Lymbix is developing a database and suite of tools allowing companies to assess the connotative meanings of incoming and outgoing messages, live tweets on Twitter, and any piece of writing. In this add, Jack is fired because he could not communicate clearly with his customers. What is the difference between denotative and connotative meaning? Is there anything to be learned by a situation where a computer understands meaning better than a person?

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Problem Solving

Calculating Prodigy Shakuntala Devi

Shakuntala Devi, who is known as the human calculator and is able to make complex calculations in her head within seconds, is interviewed by Russia Today. She once set a world record for mental calculation by multiplying two 13-digit numbers – 7,686,369,774,870 times 2,465,099,745,779 – in her head, giving the answer in 28 seconds. (The answer is 18,947,668,104,042,434,089,403,730.) What do problem solving skills like hers say about the power of the human brain?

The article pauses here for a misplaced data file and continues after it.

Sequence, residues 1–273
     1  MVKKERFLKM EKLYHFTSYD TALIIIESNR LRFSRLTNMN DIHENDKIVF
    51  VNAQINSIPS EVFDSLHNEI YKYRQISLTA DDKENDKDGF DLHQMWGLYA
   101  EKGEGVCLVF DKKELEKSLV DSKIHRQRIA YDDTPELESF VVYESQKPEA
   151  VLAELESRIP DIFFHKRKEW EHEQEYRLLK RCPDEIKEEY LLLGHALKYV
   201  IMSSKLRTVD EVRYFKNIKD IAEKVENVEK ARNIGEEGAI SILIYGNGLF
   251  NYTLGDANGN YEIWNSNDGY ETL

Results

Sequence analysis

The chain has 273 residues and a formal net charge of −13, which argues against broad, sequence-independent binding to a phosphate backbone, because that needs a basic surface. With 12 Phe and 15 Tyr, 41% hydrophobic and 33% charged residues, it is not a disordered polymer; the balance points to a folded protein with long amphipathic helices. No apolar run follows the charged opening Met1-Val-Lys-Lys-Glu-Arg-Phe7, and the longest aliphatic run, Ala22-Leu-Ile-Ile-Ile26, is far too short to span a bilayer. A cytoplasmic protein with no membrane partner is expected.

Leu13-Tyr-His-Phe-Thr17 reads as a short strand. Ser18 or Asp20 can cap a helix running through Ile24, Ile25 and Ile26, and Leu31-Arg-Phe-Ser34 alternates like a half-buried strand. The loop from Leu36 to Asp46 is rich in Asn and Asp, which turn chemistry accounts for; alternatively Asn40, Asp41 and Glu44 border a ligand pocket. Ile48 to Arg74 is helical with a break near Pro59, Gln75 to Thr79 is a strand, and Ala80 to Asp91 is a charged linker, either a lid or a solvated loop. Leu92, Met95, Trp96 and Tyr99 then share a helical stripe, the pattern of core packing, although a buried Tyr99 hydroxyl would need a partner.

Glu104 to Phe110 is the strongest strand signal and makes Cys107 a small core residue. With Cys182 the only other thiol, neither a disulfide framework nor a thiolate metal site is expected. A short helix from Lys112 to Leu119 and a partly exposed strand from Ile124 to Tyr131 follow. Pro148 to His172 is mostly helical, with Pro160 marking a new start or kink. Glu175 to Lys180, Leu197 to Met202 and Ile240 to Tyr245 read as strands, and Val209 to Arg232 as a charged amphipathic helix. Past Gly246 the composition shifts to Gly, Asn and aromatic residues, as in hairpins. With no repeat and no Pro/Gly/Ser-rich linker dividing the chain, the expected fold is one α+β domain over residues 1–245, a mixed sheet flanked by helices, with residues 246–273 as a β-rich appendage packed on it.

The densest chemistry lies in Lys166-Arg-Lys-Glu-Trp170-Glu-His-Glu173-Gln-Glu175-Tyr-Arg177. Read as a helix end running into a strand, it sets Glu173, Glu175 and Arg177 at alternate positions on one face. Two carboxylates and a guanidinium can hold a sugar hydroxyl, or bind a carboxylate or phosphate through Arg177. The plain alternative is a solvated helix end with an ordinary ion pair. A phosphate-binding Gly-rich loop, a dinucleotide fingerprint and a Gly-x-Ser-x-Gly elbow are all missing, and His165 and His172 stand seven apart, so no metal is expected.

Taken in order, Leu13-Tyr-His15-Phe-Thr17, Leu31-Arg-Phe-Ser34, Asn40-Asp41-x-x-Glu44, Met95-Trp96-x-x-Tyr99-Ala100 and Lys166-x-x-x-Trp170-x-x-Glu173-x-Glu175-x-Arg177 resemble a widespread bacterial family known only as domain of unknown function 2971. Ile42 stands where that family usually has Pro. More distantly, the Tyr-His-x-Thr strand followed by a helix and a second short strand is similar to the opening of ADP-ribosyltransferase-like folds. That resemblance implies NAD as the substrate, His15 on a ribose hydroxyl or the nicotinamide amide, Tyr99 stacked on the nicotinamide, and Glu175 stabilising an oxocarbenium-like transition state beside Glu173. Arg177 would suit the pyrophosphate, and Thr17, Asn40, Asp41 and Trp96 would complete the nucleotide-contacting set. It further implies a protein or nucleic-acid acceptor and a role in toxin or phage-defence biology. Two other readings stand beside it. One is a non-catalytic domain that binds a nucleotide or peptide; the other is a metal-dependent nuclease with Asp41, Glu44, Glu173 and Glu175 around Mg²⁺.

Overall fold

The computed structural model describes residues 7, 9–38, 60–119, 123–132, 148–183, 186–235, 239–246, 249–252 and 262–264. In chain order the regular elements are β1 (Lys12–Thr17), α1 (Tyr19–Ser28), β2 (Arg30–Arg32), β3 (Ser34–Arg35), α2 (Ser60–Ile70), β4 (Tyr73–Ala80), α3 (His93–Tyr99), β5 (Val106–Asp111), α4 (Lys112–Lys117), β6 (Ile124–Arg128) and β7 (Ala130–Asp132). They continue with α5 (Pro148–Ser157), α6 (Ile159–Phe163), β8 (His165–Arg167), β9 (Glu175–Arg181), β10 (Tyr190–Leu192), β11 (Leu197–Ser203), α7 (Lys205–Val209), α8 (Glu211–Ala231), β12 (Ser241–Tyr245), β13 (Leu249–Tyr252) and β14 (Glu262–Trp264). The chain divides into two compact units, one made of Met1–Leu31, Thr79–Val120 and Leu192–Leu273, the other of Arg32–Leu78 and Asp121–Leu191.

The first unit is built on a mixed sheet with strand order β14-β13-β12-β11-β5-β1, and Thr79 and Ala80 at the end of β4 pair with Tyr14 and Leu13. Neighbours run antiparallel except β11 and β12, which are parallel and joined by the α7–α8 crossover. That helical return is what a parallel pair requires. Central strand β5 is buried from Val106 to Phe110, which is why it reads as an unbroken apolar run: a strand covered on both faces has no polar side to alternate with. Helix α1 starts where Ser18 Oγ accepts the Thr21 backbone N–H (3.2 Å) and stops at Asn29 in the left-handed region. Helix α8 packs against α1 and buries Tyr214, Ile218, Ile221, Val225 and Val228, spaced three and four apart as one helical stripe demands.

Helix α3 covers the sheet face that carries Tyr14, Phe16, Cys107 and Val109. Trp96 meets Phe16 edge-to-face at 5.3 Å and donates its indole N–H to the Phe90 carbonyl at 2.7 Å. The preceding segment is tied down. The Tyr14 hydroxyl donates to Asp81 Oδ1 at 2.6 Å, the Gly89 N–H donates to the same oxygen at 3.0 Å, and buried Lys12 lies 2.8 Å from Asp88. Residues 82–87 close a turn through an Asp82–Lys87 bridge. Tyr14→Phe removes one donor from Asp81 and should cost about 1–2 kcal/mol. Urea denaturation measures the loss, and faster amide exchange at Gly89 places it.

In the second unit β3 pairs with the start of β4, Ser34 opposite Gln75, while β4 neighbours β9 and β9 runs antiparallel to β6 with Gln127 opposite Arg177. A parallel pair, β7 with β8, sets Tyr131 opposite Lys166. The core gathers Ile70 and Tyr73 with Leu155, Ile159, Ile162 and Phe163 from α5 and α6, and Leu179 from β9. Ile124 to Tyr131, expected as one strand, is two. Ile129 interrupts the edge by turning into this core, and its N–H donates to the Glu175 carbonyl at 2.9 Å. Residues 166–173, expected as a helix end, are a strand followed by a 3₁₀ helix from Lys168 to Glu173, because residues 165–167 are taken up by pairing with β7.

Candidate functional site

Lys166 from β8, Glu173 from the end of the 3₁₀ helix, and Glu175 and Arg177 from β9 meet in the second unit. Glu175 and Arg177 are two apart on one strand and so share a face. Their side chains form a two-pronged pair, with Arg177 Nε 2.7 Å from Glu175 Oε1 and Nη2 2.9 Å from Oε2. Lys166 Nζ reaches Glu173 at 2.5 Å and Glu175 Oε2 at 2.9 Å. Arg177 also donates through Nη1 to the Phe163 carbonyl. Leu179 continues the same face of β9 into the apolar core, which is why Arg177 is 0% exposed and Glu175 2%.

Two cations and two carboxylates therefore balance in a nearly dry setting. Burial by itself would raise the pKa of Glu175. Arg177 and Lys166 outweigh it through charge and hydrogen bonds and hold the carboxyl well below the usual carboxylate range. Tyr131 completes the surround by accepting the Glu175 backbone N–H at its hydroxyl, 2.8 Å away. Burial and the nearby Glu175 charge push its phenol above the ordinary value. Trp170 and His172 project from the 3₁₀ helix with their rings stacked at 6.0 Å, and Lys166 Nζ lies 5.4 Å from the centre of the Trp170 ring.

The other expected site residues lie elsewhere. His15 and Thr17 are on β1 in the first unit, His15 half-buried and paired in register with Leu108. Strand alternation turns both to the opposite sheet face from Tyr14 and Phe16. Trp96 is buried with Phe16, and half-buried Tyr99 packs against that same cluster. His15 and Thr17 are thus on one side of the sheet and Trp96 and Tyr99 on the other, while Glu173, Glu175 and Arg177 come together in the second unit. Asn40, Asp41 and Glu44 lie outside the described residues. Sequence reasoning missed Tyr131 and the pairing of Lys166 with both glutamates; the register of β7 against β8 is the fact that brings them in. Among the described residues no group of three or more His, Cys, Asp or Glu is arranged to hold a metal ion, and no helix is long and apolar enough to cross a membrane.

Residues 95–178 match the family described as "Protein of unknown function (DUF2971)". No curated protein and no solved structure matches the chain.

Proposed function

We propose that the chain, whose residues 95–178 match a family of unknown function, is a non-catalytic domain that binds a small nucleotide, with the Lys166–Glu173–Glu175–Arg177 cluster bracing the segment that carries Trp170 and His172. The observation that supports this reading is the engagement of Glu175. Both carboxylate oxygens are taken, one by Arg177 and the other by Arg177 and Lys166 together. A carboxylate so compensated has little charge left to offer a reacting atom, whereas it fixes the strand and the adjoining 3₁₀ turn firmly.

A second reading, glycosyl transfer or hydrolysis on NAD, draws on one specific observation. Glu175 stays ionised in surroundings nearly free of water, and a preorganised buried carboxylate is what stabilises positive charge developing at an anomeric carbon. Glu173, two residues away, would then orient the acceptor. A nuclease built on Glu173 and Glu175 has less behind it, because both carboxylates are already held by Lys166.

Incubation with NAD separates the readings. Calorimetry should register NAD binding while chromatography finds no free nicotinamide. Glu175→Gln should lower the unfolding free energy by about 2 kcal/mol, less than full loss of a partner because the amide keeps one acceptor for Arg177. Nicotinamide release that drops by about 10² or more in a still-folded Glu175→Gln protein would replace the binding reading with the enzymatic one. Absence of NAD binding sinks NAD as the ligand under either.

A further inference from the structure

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McGyver Mastercard

In this Mastercard commercial from the “Priceless” campaign, action television character MacGyver escapes using a car air freshener. He uses a tube sock to slide down a line, and starts a stalled truck with a paper clip, ballpoint pen, rubber band, tweezers, nasal spray, and turkey baster. How do the actions of television character MacGyver relate to the concept of functional fixedness?

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The Tower of Hanoi